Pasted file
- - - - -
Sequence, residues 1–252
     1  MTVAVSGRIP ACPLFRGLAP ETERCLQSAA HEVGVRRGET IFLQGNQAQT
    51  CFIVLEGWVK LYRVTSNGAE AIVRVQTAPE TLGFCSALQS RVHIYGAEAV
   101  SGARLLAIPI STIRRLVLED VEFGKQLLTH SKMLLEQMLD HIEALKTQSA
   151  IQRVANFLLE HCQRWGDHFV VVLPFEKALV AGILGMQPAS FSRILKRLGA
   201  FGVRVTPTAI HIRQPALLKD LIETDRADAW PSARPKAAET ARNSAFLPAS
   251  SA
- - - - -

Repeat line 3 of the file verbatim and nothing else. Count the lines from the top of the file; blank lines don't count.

    51  CFIVLEGWVK LYRVTSNGAE AIVRVQTAPE TLGFCSALQS RVHIYGAEAV